First, pray and listen. Most of us talk too much when we pray, which is really kind of silly when you think about it. If prayer is a conversation with God, how can we hear what he has to say if we’re talking all the time? God often speaks quietly, which suggests it helps to be very still in order to hear Him. His voice is often a thought, an idea, a possibility that enters our mind when we ask Him to speak to us. Take time to quiet your mind and ask God to speak to you.

Second, take time to reflect on some specific questions. Ask yourself, “Where have I made the greatest impact in 2017? Is this area of impact aligned with my most important priorities? What would I change?”

Or, ask yourself “Between my work, family, health, and spiritual life, which got my best energy in 2017? To which do I want to give my best in 2018? How can I do this?”

Reflect on your relationships, your time, your work, and your health today. And then imagine yourself in 5 years. And in 20 years. Look up from the rut you are in and see the larger story of your life. What areas of your life need to change to put you on the trajectory to being where you want to be in 5 years and 20 years in these various areas?

Another part of reflecting is not just imagining the outcome, but discerning if you need a different mindset to realize the outcome. How might your thinking need to change in the upcoming season in order for change to happen in your life? What perspectives or fears do you need to leave behind? What perspective do you need to take on in this new season?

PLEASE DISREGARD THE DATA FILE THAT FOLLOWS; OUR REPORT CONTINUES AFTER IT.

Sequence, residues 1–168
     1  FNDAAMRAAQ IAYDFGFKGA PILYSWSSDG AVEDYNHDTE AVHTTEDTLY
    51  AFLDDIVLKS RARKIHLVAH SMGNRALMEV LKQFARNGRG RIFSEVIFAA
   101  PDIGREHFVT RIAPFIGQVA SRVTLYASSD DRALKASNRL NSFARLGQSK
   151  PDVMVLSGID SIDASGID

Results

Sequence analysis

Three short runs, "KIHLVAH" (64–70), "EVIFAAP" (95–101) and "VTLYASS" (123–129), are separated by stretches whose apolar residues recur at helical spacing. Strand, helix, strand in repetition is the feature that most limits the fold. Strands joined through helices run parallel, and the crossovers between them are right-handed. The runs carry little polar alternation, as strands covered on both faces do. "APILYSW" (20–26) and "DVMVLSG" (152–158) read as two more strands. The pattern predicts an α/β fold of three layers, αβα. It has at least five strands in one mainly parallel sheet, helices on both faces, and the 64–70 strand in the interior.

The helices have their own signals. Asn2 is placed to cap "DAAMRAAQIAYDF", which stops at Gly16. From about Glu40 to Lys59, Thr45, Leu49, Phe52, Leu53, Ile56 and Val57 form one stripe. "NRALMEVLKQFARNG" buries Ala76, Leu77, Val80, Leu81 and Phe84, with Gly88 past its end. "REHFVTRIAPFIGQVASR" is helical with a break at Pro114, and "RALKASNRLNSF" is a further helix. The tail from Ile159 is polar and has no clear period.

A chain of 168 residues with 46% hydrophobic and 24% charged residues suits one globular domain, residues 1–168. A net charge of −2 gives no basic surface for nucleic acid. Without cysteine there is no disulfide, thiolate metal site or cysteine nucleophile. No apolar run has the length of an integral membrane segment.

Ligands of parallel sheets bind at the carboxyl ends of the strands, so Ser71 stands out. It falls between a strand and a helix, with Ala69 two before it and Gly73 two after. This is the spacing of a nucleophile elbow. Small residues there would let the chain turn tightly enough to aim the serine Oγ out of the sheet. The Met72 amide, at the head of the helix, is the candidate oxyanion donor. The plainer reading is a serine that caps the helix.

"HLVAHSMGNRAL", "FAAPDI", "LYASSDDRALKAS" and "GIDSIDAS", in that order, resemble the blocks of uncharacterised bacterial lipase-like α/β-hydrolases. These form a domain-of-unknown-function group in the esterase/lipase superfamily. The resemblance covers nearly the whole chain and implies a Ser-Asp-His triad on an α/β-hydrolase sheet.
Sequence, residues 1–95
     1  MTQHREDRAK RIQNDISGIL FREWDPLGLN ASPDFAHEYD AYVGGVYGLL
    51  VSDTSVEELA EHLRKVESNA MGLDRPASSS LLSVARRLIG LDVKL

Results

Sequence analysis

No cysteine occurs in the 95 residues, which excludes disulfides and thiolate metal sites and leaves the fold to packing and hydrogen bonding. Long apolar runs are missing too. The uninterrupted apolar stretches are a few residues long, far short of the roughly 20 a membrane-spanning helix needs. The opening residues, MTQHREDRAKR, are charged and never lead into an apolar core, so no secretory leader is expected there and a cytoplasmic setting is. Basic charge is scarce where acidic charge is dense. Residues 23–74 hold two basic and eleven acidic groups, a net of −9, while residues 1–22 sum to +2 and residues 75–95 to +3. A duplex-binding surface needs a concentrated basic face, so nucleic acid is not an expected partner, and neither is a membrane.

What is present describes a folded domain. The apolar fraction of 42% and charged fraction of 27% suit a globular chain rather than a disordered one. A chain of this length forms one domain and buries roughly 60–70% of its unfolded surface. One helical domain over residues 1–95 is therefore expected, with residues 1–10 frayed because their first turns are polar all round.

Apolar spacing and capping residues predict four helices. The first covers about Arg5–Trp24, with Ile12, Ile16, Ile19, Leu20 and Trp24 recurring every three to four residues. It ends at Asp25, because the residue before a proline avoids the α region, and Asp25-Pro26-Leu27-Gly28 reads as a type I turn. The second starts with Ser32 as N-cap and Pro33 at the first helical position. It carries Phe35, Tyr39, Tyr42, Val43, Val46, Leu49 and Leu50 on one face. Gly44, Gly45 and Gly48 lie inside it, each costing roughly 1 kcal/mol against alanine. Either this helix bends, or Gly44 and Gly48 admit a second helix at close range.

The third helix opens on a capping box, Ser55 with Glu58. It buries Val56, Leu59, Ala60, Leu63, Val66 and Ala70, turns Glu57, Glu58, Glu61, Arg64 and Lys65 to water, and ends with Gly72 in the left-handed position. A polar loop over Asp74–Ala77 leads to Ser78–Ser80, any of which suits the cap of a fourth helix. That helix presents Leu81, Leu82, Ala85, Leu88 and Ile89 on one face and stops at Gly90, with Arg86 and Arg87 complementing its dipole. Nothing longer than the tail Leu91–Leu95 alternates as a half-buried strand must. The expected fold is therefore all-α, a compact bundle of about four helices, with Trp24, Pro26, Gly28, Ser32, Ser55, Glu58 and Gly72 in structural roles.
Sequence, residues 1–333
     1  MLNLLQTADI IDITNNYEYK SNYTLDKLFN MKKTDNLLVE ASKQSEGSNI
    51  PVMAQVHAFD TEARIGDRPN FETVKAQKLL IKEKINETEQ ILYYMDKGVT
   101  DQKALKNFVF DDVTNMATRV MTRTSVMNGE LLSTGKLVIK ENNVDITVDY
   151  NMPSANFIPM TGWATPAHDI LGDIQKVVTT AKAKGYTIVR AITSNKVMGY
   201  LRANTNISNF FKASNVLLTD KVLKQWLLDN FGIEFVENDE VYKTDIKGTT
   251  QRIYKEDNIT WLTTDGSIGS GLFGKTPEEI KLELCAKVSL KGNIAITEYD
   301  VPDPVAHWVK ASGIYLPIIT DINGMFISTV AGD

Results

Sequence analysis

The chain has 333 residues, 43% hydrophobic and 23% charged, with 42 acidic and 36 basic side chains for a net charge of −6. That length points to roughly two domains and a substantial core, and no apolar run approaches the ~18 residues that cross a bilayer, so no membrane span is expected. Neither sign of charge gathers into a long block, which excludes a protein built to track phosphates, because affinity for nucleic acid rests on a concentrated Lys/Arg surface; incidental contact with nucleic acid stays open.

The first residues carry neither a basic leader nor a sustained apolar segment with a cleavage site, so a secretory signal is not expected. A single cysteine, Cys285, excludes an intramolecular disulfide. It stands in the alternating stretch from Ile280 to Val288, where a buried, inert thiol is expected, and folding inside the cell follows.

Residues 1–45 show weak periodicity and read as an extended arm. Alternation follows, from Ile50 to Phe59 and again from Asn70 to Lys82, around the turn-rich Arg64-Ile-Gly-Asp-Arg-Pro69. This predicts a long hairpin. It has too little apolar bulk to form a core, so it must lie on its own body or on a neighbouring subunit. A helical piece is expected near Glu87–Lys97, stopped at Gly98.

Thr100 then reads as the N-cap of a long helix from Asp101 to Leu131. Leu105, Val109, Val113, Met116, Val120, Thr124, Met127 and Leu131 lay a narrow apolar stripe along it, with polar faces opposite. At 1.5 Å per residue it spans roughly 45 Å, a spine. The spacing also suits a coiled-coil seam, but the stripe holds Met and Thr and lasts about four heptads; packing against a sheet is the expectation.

Third, create an action plan. You know the routine: attend a meeting, discuss the issues, then make a list of action items you are expected to take care of before the next meeting. A list of action items is a good way to make sure all that valuable reflection produces the change you want it to.

You might also consider enlisting the help of a coach this next year. A coach not only helps you craft the plan, but they are also a steady guide for the road ahead, helping you see around corners and avoid mistakes. For me, it wasn’t until I had a Halftime Coach that I really got traction on living a life of significance, impact, and joy.

So, don’t go into 2018 without pressing the pause button. Reflect. Plan. Strategize. And don’t hesitate to reach out to us. We’re here to help you to live with no regrets, at the center of all God has for you, that your life might have great impact and significance.

Happy New Year!

 

Dean Niewolny
Dean Niewolny spent 23 years in executive roles with three of Wall Street’s largest financial firms, finishing his career in the financial sector as market manager for Wells Fargo Advisors in Chicago, where he oversaw a $100mm market. While in Chicago, he and his wife, Lisa, traveled many times to Africa and, seeing the abject needs of widows and orphans, made life changes that enabled them to get involved, such as helping to complete an orphan home and a Hospice home in Durbin, South Africa.

In 2010, Dean traded his marketplace career for Halftime to help more people who, like him, wanted to expand their own “first half” success and skills into passion and purpose for meeting human needs and making a significant difference. Dean joined Halftime as Managing Director and in 2011 became Chief Executive Officer.

Dean speaks all over the world to marketplace leaders who desire to use their gifts and talents to serve others. His passion is to encourage business leaders to channel first-half achievement into a second half defined by joy, impact and balance. His first book, Trade Up: How to Move From Making Money to Making A Difference, was published by Baker Publishing and released in July 2017. Click here to buy Trade Up.

Having grown up playing sports—eventually in college and semi-professional baseball—Dean still enjoys coaching youth sports, especially his son’s little league teams. He and Lisa have two children and live in Southlake, Texas.
2017-12-22T12:56:38+00:00